• Codemod incompatibilities. We leveraged Airflow 1.10.15, the Airflow 1 to Airflow 2 “bridge release,” to surface incompatibilities. We then implemented automatic codemod to perform repo-wide refactors to fix incompatible code patterns. Codemod significantly reduced the effort of subsequent migrations of individual pipelines.

  • Incremental upgrade. Instead of implementing a one-time upgrade in-place, we created new clusters from scratch to enable incremental migration of pipelines. This helped us minimize disruptions to production workload and gave individual pipeline owners enough breathing room to decide on a migration time frame that best fit their business requirements.

Embrace the Monorepo Figure 2 illustrates the original poly-repo architecture of our Airflow-based workflow orchestration platform consisting of dedicated repositories for common libraries, dependency management, container environments, development tools, as well as for each Airflow cluster.

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Figure 2. Code repository dependency graph

The original poly-repo architecture suffered from the following issues that slowed down developer productivity and made us prone to incidents:

  • Extra release and version bump process. Changes made in one repository had to be published to PyPi or a container registry before they could be used in another repository. This meant in order to apply changes in one repository to another, developers had to manually bump the dependency version of the changed repository in the other repository’s requirements file and update the local environment. This not only slowed down developer velocity but also significantly increased the amount of time it took to make hot fixes.

  • Onboarding, support and maintenance overhead. Varied structure, setup, and tooling customized to each repository created extra onboarding overhead and issues for Airflow users across Coinbase. This meant extra support and maintenance workload for the Data Platform team.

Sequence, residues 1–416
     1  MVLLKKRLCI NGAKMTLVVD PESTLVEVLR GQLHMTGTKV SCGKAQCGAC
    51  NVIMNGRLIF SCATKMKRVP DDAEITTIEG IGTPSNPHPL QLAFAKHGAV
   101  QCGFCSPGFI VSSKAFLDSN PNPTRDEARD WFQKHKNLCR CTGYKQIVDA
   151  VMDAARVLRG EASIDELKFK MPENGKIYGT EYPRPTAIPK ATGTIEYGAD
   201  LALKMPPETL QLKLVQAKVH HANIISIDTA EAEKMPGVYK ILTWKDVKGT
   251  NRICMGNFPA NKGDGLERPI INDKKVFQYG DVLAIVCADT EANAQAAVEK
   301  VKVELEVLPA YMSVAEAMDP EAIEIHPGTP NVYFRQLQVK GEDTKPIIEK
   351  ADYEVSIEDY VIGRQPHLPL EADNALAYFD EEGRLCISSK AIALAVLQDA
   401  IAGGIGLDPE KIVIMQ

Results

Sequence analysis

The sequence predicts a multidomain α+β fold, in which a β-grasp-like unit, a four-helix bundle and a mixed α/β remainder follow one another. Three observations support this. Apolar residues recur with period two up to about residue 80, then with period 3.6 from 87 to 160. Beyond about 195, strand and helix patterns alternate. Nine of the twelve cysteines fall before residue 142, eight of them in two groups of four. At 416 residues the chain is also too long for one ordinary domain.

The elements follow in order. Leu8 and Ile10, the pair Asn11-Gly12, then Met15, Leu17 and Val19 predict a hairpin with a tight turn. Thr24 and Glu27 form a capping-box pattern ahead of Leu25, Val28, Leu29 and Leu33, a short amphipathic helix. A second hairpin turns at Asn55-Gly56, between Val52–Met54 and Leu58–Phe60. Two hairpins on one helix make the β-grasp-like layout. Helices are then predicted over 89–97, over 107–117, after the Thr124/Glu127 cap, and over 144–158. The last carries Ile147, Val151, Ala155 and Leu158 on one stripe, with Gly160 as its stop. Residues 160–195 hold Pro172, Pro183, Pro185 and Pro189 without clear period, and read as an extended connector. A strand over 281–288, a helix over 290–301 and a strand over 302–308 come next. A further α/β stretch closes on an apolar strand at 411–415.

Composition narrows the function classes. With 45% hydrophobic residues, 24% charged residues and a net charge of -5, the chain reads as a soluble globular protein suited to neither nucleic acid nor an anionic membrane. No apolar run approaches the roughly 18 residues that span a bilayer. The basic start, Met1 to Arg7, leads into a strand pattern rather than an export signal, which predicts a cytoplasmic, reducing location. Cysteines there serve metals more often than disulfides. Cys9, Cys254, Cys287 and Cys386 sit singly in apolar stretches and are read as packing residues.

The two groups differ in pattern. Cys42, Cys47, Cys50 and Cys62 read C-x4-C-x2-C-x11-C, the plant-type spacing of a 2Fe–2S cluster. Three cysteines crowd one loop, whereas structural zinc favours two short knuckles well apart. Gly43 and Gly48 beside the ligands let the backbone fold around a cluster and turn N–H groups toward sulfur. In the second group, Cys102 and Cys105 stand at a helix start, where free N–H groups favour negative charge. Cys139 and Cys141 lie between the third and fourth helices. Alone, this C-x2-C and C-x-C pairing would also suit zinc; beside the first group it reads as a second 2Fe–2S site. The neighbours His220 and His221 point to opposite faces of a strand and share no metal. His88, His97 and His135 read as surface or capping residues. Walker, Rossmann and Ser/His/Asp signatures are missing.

• Inadequate test coverage. Tests are usually scoped to a single repository with dependencies to snapshots of upstream repositories. As the repositories evolved independently, it was often the case that not all continuous changes made in upstream repositories were covered by tests in downstream repositories. As a result, bugs were often found after the fact and cost us extra engineering effort.

To address the above challenges, we adopted the monorepo architecture. Concretely, we built a Python monorepo for the Data Organization to consolidate organically relevant projects into a single location. There are both benefits and challenges to adopting and operating a monorepo, which we discuss in previous blog posts (Part 1 and Part 2).

Tailor the DevX Airflow users at Coinbase can be roughly classified into the following groups: 

  1. Data Engineers: Use Airflow for data extraction and loading.

  2. Software Engineers: Use Airflow for running cron jobs.

  3. Data Scientists: Use Airflow for data transformation.

  4. Data Analysts: Use Airflow for analytics.

  5. Non-technical employees: Use Airflow to execute pre-built jobs.

Different users develop their workflows on top of Airflow at different levels of abstraction and have varying testing, staging and production requirements. Thus, we found that there is no one-size-fits-all solution when it comes to DevX. We decided the best approach to supercharge users’ productivity is to provide a set of development environments users can choose from based on their usage profile. The following is the set of development environments in ascending order of complexity and level of control:

  • CLI-based: We wrap Airflow environment setup, Airflow CLI and a set of internal commands into a single CLI in the form of a prebuilt pex executable.

    • Pros: Hides all the complexities of Airflow and Python environment setup from the user and offers the lowest barrier of entry.

    • Cons: Not a full Airflow installation; not suitable for cross-repository testing.

  • Virtualenv-based: The user sets up a virtualenv on their machine, installs the required dependencies and ensures Airflow is properly configured.

    • Pros: Compatible with our original poly-repo architecture and allows developers to test code that hasn’t been migrated to the Airflow2 monorepo.

    • Cons: May face issues during environment setup; difficult for the Data Platform team to provide support since local setups unique to each machine make reproducing an issue a user is facing difficult.

  • Docker-based: We provide a docker-compose environment for developers to run a full fledged Airflow cluster on their machine. This setup is closest to our production environment and is often used by developers for end-to-end testing.

    • Pros: Makes Airflow user support smoother for the Data Platform team since a Docker-based environment provides a consistent environment across different machines for reproduction of issues; is a full Airflow installation and supports running pipelines end to end.